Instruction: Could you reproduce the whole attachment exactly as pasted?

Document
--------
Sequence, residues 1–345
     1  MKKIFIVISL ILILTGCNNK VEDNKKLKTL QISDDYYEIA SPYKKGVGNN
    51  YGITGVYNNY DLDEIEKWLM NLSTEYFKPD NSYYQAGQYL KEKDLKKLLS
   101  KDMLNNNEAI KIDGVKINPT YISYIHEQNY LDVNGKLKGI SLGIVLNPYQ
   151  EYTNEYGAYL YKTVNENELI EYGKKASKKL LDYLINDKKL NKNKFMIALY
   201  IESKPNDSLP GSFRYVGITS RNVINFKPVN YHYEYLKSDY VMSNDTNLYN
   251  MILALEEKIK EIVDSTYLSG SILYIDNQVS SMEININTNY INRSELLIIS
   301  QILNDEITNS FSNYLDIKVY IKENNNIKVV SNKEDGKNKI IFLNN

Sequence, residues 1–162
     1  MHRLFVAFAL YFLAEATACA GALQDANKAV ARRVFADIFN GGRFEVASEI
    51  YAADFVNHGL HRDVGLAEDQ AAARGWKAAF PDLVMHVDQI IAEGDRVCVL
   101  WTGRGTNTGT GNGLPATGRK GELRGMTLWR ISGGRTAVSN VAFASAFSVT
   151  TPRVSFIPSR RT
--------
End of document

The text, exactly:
Sequence, residues 1–345
     1  MKKIFIVISL ILILTGCNNK VEDNKKLKTL QISDDYYEIA SPYKKGVGNN
    51  YGITGVYNNY DLDEIEKWLM NLSTEYFKPD NSYYQAGQYL KEKDLKKLLS
   101  KDMLNNNEAI KIDGVKINPT YISYIHEQNY LDVNGKLKGI SLGIVLNPYQ
   151  EYTNEYGAYL YKTVNENELI EYGKKASKKL LDYLINDKKL NKNKFMIALY
   201  IESKPNDSLP GSFRYVGITS RNVINFKPVN YHYEYLKSDY VMSNDTNLYN
   251  MILALEEKIK EIVDSTYLSG SILYIDNQVS SMEININTNY INRSELLIIS
   301  QILNDEITNS FSNYLDIKVY IKENNNIKVV SNKEDGKNKI IFLNN

Sequence, residues 1–162
     1  MHRLFVAFAL YFLAEATACA GALQDANKAV ARRVFADIFN GGRFEVASEI
    51  YAADFVNHGL HRDVGLAEDQ AAARGWKAAF PDLVMHVDQI IAEGDRVCVL
   101  WTGRGTNTGT GNGLPATGRK GELRGMTLWR ISGGRTAVSN VAFASAFSVT
   151  TPRVSFIPSR RT